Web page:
Austin at Large: New Voters for a New Texas?

Kirk Watson says it’s possible: “Two million more people are now paying attention”

Austin at Large: New Voters for a New Texas?

I wanted to talk to someone who's been around Austin and Texas politics for a while, who understands how elections work, but who wasn't directly involved in a campaign this cycle. So I called our old friend Kirk Watson.

The former Austin mayor and state senator, now dean of the University of Houston's Hobby School of Public Affairs, is careful not to overanalyze the details of partisan performance in the elections, though he sees the same numbers we do. "Sensible centrism," or "pragmatic progressivism," is part of his job description now in academia, although it's also on brand for the former "Mayor Wonderful" who made his name as a consensus-builder. But he emphasizes a point that he also made in an op-ed during early voting: "You must focus on the fact that so many people voted," he told me, "and that by itself – regardless of outcomes or who they voted for – was a clear message. Two million more people are now paying attention, and that by itself says we ought to do things differently."

The most obvious of those things, to Watson, is "making it easier to vote. People wanted to come out and vote, more than ever before, during a pandemic. Everybody came out to have their voice heard. Nobody wants fraud, but nobody wants the fear of fraud to be cynically used to make it harder for people to vote."

Or at least nobody should want that, but here we are, with President Apesh*t being enabled by Republicans who really do know better. "Harris County established a model for the nation of how to make it easier to vote, and people did it. It's OK to experiment and try new things, and it's ridiculous that we're making people stand in line like they did. We can do both – make elections secure from fraud while making it easier to vote. It's not a zero-sum game, but that's not how we do politics these days."

An Inflection Point

Perhaps the most unexpected, and ironic, outcome of the 2020 elections was that both parties were able to turn out huge numbers of their voters, including lots of people with little or no voting history whose political views went uncaptured by opinion surveys and horse-race polls. That was the Democrats' game plan all along, and they did not underperform per se, but the GOP was able to match them – despite being the party that consistently aims to limit the franchise. (That's not just Democrats' opinion; plenty of Republicans also thought that the record-breaking early voting numbers would do them no favors.)

That's why Watson sees this as an inflection point. "We have this much civic energy, and every elected official should figure out how to address it," he says. The fact that we really don't know yet the real wishes of the much larger electorate makes it possible to "experiment and try new things" in policy, not just in elections administration. As the 87th Texas Legislature has already started prefiling bills, it's not too early to game out what might change.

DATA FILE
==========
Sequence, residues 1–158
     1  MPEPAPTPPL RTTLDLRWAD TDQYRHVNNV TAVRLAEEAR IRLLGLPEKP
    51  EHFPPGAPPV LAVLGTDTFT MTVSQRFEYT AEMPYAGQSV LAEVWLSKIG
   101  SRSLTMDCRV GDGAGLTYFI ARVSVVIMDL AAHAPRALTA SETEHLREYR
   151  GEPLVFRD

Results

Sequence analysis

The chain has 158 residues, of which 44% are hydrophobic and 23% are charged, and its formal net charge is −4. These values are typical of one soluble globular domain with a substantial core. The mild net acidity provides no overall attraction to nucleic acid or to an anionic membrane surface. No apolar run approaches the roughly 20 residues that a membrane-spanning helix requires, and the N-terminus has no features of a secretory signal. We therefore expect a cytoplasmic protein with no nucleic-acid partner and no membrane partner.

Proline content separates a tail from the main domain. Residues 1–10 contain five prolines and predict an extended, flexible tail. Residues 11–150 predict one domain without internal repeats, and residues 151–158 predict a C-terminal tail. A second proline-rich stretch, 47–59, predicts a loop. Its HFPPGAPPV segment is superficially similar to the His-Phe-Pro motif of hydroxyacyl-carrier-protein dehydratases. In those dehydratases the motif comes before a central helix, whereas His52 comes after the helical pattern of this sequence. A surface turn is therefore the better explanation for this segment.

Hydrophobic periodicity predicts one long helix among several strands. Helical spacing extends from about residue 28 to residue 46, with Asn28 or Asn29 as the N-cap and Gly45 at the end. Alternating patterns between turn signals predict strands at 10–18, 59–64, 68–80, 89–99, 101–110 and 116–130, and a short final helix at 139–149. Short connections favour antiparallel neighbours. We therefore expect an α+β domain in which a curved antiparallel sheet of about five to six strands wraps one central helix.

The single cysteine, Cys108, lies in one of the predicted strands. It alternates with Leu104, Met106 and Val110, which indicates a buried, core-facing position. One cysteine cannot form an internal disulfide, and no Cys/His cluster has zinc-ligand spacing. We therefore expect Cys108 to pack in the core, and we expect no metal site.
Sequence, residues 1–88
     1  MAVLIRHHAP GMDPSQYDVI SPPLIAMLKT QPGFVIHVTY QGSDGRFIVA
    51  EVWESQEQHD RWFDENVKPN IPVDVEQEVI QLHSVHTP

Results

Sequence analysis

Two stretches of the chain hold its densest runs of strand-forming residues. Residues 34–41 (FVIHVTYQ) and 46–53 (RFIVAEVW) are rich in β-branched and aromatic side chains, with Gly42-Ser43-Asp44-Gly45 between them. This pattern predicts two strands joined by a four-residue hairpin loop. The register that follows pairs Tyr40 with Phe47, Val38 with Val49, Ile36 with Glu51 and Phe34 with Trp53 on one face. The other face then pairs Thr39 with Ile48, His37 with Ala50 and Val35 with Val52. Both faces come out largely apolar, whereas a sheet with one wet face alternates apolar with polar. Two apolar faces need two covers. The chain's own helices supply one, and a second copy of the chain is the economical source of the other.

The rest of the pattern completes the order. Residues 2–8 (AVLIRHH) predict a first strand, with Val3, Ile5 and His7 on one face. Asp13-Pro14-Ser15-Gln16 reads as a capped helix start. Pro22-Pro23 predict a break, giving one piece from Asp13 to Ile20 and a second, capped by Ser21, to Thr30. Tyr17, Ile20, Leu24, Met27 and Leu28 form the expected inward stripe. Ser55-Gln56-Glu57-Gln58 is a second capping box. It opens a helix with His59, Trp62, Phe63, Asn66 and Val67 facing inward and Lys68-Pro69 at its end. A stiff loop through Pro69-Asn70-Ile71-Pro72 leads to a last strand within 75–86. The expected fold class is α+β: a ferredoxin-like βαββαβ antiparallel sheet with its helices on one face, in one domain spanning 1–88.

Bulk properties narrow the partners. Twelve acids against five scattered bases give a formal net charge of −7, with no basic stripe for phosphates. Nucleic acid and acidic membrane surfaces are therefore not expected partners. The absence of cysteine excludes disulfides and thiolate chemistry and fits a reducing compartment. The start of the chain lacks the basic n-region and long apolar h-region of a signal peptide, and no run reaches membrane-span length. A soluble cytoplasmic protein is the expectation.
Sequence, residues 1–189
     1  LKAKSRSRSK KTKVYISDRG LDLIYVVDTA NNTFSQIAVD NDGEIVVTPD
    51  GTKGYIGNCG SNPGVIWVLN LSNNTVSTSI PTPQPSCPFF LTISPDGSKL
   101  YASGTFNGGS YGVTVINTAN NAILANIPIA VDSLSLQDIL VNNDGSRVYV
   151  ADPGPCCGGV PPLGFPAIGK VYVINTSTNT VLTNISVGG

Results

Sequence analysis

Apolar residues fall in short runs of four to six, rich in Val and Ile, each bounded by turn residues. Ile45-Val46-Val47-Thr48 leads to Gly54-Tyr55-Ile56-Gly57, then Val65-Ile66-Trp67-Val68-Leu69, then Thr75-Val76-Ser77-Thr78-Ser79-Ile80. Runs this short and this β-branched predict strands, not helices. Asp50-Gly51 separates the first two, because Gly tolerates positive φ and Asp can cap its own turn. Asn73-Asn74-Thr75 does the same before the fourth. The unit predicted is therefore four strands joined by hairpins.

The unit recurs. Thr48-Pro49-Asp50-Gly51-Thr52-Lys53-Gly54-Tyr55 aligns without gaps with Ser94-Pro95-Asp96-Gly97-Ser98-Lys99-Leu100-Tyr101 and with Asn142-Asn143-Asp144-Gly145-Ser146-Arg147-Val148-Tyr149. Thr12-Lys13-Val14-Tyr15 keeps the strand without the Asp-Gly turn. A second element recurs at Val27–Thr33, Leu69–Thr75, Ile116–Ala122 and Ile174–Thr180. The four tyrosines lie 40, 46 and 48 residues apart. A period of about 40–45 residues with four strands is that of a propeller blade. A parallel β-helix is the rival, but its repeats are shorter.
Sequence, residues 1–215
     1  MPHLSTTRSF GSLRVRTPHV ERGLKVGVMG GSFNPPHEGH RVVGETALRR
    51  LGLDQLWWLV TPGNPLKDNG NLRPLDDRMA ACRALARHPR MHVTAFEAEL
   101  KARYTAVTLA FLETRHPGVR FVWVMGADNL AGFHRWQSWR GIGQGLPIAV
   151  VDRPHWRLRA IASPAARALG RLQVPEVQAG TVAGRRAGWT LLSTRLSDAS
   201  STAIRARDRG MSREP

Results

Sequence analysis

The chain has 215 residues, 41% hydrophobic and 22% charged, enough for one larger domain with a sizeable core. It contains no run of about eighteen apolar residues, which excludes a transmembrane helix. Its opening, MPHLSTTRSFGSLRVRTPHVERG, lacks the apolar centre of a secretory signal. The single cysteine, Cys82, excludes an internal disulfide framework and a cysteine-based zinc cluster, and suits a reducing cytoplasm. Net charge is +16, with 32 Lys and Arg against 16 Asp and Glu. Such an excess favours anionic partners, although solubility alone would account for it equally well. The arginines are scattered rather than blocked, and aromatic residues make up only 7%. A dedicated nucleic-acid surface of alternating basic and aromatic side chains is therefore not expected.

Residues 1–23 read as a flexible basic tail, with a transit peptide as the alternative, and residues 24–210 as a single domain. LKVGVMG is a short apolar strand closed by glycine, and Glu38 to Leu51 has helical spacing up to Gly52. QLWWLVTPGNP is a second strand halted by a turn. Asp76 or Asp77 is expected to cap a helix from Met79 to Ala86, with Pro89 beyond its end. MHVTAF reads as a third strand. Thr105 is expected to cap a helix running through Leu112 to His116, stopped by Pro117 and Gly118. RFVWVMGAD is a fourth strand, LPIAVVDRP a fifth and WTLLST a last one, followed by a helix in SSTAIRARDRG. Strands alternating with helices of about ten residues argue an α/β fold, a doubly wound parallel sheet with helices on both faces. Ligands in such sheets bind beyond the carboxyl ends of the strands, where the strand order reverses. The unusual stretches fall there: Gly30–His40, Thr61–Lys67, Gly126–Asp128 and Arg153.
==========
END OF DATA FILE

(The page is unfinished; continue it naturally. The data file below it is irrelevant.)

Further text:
For example, Watson says, "I think people that ran on protecting and preserving [House Bill] 3" – last session's major boost to public school funding – "did well, and elections matter. Even though we'll go through tough budget discussions, and people will scream that we are or will be broke, people elected to the Legislature [were] committed to that transformation."

The COVID-19-ravaged state budget has already kicked many small-government Republicans into their default austerity mode, but to Watson the pandemic "creates an enormous opportunity; everything ought to be on the table, all of our revenue sources." That includes giving real consideration to expanding Medicaid under the Affordable Care Act, assuming it survives at the Supreme Court; Texas is now one of only 12 states still leaving billions in federal dollars on the table out of spite. "With COVID, it's time to ask the hard questions, now that we've seen the impact on rural hospitals and our continuing health disparities. We need to focus on the social determinants of health more than ever before; Medicaid is the obvious place to start, but we need to think bigger."

The Needs of All Sides

There are other policy directions that the new Texas voter might want the state to pursue in earnest, Watson says, such as providing statewide access to broadband internet – a major goal of rural communities seeking economic growth, but now a basic need for everyone during pandemic sheltering-in-place. It's an issue where the GOP strength in exurban and rural Texas, shown quite robustly in these election results, overlaps nicely with the Democratic commitment to, and support from, disadvantaged communities.

That's especially true if, as those trying to control the post-election narrative have been wont to tell us, Texas voters of color are more interested in the GOP message than ever before. "I think issues of race and racism have to be at the forefront of what we've learned this year, right through the election," Watson says.

"There's no question that there's a reaction to the killings and oppression of people of color. But both parties are coming out of this election focused on their support from people of color, so they've all admitted they have a stake in undoing the effects of systemic racism. They owe it to the people who voted for them."

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